A couple of posts ago I was complaining about how annoying my job was as I tried to draw conclusions from the jumbled mess of environmental technology websites. Today’s post points out that it isn’t always such a jumbled mess.
I have just done a far smaller (and less scientific) data collection for a presentation I am doing in Wolverhampton tomorrow [click on picture to enlarge]:
It is a link diagram of a few web sites in Wolverhampton and the surrounding area to illustrate the sort of work my research group does.
What is noticeable from a webometric perspective is how many of the web sites included in the study are actually connected: you can link anywhere in the world, but the web is primarily a local affair.
At the moment I am investigating the linking between 1337 environmental technology web sites. Of the 1337 sites, 751 nodes create one large network:
You spend days sorting a list of URLs, collecting data, finding errors, starting again…and at the end you just have a big ball of string.
A webometrician’s job is to draw conclusions from such a jumbled mess: I hate my job.
One of the problems with the web is that it is just too damned big: just as you think you are uptodate with everything in one area, you suddenly realise that there is a whole other area that you has totally passed you by. For me that area is Open Data: the practice of making data freely available to everyone. Whilst I had heard a few rumblings, I didn’t really appreciate how much was going on, or some of the tools that were available, until reading an article in the last issue of Online Magazine. Webometricians create massive amounts of data, and whilst we know we should do more, we generally use the data we gather as the subject of academic papers, or blog posts, then it sits on our hardrives until we forget where it was from and what it represents (personally I have gigabytes worth of data in text files that is now totally meaningless to me).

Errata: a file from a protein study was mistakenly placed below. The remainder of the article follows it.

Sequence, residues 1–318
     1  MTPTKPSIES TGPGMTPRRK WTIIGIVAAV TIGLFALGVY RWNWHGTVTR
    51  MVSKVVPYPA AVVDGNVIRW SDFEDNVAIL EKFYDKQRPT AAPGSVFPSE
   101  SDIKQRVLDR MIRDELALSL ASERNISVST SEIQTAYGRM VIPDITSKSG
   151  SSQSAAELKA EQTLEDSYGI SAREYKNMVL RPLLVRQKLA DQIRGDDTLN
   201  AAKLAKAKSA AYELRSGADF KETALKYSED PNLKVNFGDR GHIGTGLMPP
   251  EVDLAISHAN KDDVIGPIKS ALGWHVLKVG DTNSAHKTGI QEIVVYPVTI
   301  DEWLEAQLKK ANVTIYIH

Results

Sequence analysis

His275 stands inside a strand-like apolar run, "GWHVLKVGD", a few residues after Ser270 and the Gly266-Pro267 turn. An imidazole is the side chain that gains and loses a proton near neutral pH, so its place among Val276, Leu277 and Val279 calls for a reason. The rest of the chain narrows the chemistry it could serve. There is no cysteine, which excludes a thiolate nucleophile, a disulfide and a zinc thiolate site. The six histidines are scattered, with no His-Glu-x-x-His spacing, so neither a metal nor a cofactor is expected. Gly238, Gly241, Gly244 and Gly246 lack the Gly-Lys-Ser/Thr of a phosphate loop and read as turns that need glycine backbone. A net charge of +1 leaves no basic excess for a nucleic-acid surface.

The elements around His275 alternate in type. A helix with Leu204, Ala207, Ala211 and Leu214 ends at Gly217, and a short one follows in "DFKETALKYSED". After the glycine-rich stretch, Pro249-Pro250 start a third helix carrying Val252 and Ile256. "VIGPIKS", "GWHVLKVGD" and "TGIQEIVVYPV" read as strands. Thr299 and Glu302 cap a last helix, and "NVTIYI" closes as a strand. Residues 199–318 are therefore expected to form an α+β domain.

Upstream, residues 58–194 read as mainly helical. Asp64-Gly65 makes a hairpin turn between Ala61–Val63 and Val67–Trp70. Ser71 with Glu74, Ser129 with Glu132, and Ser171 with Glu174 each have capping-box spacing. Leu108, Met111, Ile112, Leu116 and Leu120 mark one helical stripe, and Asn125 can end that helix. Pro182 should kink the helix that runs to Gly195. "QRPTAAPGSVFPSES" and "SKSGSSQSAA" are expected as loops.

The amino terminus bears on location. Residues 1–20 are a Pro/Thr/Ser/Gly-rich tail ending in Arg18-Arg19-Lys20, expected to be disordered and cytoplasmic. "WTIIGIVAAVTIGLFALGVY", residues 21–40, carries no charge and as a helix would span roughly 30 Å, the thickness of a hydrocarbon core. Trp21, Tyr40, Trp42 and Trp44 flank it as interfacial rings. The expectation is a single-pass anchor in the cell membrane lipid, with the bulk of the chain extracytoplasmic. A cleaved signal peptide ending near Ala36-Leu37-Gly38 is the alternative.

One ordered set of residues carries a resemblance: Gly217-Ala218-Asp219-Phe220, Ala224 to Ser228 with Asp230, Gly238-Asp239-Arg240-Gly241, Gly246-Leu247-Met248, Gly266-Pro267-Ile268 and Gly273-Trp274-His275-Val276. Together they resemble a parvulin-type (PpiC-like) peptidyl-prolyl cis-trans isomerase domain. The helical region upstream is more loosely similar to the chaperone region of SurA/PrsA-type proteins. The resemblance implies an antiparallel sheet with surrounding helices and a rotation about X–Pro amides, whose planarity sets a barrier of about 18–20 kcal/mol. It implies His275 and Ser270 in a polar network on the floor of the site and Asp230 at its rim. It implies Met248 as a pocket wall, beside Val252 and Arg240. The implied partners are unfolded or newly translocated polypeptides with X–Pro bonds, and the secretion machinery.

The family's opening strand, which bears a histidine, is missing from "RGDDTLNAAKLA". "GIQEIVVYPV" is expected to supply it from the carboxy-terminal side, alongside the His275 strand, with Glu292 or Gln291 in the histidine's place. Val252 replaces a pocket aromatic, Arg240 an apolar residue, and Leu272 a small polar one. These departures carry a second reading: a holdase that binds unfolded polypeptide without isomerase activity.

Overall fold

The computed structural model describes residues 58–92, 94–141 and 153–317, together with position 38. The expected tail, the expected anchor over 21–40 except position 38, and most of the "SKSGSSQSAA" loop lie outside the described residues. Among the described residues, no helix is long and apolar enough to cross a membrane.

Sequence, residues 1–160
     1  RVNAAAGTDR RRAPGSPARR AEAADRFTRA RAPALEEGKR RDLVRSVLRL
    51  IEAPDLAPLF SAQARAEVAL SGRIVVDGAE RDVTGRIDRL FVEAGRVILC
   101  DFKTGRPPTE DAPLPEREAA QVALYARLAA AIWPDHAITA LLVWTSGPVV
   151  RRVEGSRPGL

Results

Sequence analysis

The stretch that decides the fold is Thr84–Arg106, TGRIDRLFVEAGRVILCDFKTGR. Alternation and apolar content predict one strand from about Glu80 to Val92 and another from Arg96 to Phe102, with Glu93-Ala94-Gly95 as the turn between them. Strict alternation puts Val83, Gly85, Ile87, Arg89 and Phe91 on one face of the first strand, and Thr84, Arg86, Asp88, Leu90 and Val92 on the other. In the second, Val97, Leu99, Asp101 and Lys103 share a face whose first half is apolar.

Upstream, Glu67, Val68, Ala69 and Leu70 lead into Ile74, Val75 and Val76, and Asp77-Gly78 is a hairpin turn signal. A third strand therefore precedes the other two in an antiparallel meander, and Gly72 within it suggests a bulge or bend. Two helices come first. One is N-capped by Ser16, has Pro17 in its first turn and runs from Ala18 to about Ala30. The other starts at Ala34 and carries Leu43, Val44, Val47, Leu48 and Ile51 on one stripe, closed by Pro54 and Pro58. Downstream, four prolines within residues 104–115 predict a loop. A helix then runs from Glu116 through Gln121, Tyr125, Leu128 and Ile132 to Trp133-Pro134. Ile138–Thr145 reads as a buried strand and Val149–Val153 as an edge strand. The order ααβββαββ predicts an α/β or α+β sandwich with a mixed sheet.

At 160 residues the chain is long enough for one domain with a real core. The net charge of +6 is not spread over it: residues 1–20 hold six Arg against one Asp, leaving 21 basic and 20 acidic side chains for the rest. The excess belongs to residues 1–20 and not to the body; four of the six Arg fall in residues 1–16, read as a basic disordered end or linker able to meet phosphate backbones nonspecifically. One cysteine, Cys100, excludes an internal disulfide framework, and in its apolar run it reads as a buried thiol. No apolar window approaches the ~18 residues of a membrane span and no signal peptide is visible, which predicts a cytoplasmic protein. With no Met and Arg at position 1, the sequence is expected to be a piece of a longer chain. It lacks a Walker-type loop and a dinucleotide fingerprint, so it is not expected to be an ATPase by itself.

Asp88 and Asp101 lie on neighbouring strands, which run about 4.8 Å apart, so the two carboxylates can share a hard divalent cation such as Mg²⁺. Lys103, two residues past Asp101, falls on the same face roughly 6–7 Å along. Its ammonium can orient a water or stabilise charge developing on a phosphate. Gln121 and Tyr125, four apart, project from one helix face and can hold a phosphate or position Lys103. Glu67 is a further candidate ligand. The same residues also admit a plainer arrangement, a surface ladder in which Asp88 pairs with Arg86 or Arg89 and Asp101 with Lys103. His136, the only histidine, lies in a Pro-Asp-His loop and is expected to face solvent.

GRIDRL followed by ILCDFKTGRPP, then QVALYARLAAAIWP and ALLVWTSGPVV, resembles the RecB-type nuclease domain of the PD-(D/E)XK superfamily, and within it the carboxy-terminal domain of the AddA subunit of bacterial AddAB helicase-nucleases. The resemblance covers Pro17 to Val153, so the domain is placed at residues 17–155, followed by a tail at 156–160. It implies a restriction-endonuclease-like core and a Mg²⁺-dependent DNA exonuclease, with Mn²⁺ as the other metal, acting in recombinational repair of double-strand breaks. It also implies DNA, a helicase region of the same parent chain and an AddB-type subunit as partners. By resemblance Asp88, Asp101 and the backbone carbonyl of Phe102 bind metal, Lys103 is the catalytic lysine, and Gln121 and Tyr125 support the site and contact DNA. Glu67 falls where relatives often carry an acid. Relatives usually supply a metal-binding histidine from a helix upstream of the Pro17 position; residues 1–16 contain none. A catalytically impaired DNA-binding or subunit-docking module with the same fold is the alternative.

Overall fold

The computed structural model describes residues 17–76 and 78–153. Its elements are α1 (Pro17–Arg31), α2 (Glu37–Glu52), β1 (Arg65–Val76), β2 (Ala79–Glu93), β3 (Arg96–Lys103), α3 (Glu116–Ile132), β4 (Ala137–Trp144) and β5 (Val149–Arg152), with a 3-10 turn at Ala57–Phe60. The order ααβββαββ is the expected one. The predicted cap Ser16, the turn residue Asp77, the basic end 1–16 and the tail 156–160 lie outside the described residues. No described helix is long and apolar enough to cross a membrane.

In future I will definately make a concerted effort to try and make data available on Open Data sites (whether people like it or not). Not only due to the movement’s worthy ethos, but for the selfish reasons of a useful repository and the benefits of some useful tools. Of the many open data sites my first experimentation has been with IBM’s Many Eyes (http://services.alphaworks.ibm.com/manyeyes/home), which, whilst suffering from a few bugs, has some great visualisation applications, including network diagrams:
This particular network comes from my, ever-so-successful, PhD thesis. It shows the interlinking between the web sites of 64 members of the Association of the British Pharmaceutical Industry, as seen through the Microsoft Live Search API (in the glory days of access to both the linkdomain and linkfromdomain operators). Obviously not particular awe-inspiring here, but earth-shattering in the context of 130 other pages.
Additional open data sites include Data360, Swivel, Freebase, and many more. Whilst I’m sure that different people will find different sites more appropriate to their needs, the main thing is that we (espicially academics) start getting the data out there…and more than the off the cuff 95 lines I uploaded for the above diagram.